Top

rosemary_gibson.jpg

Neighbor Spotlight • Rosemary Gibson

Story and photo by Suzanne Zipperer

Grow where God plants you” is an adage you don’t hear much anymore. For the last generation, which grew up at a time when a house was an investment and not a home, the idea of living in one house or one neighborhood your entire life may seem self-limiting.

 

Rosemary Gibson grew where she was planted, right here is Riverwest. She now lives in her grandfather’s house and has lived within a few blocks of that Bremen Street home all her life. It wasn’t limiting to her at all. She grew where she was planted.

Mrs. Gibson had just gone to a Riverwest Reunion of about 400 people at Serb Hall two days before we spoke with her. She pulled out a program with a long list of names. “People come from all over. Even from out of state.” Many of them long gone are still connected to Riverwest through this group. “They keep up on things and they hear about what is going on.” They are still part of a community.

Mrs. Gibson, who is a mentally sharp and physically active 82-year-old, describes the Polish community where she grew up. “I was surrounded by family.” She points in all directions to where an aunt and uncle lived and to the south where the next two houses are stilled occupied by cousins. “It was like that for all of us. We knew everyone.”

Mrs. Gibson’s father, Joseph Casper Zak, came from Poland as a small boy and took advantage of opportunities to do business in the Polish community that was growing in Riverwest at the time. “He had a grocery store right next door, but that one became too small and he bought one on Weil. He used to have a book and when people didn’t have money, he would write it down and they would pay later. But then the Depression hit; people couldn’t pay him, so he went out of business.” Mr. Zak was an entrepreneur with seven children to support so he wasted no time moving into real estate and did well. 

Mrs. Gibson describes a neighborhood filled with grocers, each with a butcher in the back, bakeries, and taverns. “There were lots of taverns,” she laughs. Her extended family owned three between Burleigh and Locust Streets. “And North Side Lumber, which is still there. At noon the men who worked there would come to the store and my mother would sit me up on the counter and make sandwiches for them.”

“We went bowling at the Polish Falcon, which is still there. And there was another bowling alley where that little park is on Locust Street where they have the market.” 

Mrs. Gibson and almost all of the children she grew up with attended Catholic school at St. Mary of Czestochowa on the corner of Burleigh and Fratney. There were 200 students in her eighth grade graduating class. The Sisters of Notre Dame taught and the cost was low. 

The house where the family grew up is typical of Riverwest, about 1,400 square feet with an apartment upstairs. Those seven children shared two bedrooms. “The boys all slept in that tiny room up front. There was one bed and they lay cross ways on it.” Of the seven siblings, Mrs. Gibson is the only one who has stayed on in the neighborhood.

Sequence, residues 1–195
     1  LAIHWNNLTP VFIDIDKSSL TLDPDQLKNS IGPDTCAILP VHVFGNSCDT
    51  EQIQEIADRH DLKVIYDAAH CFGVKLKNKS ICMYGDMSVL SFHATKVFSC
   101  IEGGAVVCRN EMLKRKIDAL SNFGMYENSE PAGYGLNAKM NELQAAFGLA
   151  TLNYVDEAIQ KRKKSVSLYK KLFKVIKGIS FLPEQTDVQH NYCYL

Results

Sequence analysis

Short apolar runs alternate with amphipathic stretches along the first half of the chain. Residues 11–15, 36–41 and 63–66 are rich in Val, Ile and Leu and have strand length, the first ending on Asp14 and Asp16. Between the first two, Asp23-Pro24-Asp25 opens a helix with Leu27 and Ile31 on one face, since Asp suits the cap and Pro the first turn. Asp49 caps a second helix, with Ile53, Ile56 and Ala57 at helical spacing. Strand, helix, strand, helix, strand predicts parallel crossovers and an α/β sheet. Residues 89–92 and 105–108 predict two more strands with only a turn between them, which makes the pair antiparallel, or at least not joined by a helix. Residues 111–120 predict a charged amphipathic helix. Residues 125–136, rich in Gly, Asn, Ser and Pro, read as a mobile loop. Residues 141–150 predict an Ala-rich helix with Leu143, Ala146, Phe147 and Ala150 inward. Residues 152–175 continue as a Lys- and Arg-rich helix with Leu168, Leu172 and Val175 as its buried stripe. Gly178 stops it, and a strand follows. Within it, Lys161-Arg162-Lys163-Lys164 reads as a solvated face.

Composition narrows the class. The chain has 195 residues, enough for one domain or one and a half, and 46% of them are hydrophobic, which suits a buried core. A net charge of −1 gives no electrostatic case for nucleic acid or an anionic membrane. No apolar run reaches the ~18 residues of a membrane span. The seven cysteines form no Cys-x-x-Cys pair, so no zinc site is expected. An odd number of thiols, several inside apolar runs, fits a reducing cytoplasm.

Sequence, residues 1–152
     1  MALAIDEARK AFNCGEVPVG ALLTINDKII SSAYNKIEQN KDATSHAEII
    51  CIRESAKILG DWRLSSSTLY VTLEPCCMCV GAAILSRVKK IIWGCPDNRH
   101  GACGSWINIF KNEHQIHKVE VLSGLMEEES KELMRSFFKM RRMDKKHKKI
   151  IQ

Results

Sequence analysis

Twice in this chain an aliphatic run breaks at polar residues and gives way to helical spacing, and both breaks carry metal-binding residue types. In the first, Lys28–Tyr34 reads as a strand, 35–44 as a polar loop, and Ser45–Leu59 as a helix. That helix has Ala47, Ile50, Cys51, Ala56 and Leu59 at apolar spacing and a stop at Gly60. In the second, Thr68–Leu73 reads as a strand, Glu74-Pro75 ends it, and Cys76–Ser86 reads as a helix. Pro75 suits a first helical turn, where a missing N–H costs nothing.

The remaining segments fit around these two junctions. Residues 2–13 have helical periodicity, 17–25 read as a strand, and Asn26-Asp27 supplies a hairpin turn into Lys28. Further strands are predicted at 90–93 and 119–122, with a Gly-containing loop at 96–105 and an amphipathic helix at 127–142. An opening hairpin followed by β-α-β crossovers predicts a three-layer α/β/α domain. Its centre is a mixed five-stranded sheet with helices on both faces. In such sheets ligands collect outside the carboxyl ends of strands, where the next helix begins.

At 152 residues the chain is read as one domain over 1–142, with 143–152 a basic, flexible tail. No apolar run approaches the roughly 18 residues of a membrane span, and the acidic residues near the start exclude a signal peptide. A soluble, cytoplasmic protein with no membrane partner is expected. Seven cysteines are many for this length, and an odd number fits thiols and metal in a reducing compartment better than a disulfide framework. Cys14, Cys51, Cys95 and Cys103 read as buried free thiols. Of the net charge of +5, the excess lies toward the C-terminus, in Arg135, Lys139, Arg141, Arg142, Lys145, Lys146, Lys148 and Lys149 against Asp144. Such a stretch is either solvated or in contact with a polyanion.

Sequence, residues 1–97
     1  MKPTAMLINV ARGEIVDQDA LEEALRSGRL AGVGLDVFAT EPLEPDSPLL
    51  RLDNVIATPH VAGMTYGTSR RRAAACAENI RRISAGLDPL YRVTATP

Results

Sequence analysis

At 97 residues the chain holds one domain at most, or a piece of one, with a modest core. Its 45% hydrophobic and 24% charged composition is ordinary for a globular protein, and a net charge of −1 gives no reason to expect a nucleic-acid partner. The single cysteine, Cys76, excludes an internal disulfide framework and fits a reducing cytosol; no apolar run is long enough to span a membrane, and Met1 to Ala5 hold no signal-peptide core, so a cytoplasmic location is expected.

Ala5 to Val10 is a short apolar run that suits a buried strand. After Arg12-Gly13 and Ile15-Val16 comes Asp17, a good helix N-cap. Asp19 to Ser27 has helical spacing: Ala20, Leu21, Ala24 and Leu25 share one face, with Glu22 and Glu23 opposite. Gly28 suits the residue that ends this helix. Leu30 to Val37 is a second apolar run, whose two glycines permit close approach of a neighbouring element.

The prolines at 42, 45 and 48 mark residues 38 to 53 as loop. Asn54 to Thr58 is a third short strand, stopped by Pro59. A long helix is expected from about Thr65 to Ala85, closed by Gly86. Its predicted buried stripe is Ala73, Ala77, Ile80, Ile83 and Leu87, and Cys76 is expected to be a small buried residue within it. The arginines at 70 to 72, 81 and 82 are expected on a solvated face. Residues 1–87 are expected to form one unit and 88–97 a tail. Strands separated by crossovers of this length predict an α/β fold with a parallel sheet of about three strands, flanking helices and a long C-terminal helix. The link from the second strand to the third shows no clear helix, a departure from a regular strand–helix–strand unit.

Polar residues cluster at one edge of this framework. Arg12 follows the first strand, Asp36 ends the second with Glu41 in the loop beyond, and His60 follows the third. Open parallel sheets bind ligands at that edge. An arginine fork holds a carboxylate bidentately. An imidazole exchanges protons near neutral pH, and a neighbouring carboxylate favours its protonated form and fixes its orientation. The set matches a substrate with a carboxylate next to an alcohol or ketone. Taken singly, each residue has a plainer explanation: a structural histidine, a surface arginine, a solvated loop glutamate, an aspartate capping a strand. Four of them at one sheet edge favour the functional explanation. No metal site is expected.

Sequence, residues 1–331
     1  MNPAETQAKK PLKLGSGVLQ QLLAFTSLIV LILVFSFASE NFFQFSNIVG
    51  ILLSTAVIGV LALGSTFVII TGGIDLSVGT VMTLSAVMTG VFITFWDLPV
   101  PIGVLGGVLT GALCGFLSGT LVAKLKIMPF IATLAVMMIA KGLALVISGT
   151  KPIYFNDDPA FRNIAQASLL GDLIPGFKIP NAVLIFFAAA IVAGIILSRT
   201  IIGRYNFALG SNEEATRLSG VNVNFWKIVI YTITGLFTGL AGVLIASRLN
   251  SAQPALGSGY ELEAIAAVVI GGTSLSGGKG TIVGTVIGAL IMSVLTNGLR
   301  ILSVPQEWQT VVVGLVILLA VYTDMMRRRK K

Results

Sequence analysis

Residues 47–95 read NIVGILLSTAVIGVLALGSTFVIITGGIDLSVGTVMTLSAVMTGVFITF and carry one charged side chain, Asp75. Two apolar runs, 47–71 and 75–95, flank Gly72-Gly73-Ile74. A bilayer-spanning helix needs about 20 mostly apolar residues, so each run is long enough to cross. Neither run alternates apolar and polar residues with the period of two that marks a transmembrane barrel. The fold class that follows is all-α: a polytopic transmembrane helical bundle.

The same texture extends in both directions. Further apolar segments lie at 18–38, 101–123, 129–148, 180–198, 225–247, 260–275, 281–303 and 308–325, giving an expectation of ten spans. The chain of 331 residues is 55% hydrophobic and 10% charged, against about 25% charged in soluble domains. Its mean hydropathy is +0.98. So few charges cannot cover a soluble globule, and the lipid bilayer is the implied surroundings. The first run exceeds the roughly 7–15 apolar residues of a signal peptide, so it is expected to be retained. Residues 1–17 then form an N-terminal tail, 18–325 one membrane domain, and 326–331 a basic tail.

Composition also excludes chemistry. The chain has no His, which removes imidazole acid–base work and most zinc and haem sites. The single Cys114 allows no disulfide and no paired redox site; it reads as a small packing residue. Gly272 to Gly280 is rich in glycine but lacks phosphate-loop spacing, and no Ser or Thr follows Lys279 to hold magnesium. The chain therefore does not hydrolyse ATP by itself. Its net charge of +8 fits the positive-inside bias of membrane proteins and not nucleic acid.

Unlike most women who came of age in the 1950s, Mrs. Gibson did not marry young. Graduating from high school with office skills, she worked for Prudential Insurance. 

“I began as a stenographer and worked my way up,” she explained. “I was the secretary to the director of all the offices in the Midwest. When they opened an office in Minneapolis, I was asked to go there, but I was the youngest and the one to stay with my mother, so I stayed here. I became the secretary to the manager and then the office manager over 20 girls. I traveled around to our offices in other towns to see that things were running well.” 

At age 34 she married James Gibson. “I got pregnant right away and at that time you were not allowed to work when you were pregnant.” The couple had three children and Mrs. Gibson did go back to work, but then her husband asked her to stay home to manage the house and she complied.

Mrs. Gibson’s father died when he was in his 50s and her husband was also to pass away at 51 when her children were ages 10, 11, and 12. She soon went back to work, this time in the bursar’s office at UW-Milwaukee managing Perkins loans. She worked there for 20 years, retiring at the age of 70. Had you a Perkins loan between 1980 and 2000, you may have met with Mrs. Gibson.

That was not her last job. “The young woman next door asked me to help out at a garden center. So I transplanted and helped with customers and things,” – until she was 78. 

Growing up in a community, Mrs. Gibson knows how to be part of a community. She has done her share of helping elderly people get around and currently works three mornings a week at the food pantry at St. Casimir’s Church. “The people are so nice who come in.” A few years ago, she fell there and broke a hip, but that didn’t stop her. 

With one son now living upstairs and two in the village of Belgium about 45 minutes north, Mrs. Gibson is grateful for the help they can give her in taking care of the house. She also knows her neighbors. “I have two boys living next door and they are just peachy. They help me out and even shovel the sidewalk.”

“My children in Belgium tell me to move there, but I’m not going to live anywhere else. I will die here.” Mrs. Gibson is still growing, with deep roots in Riverwest.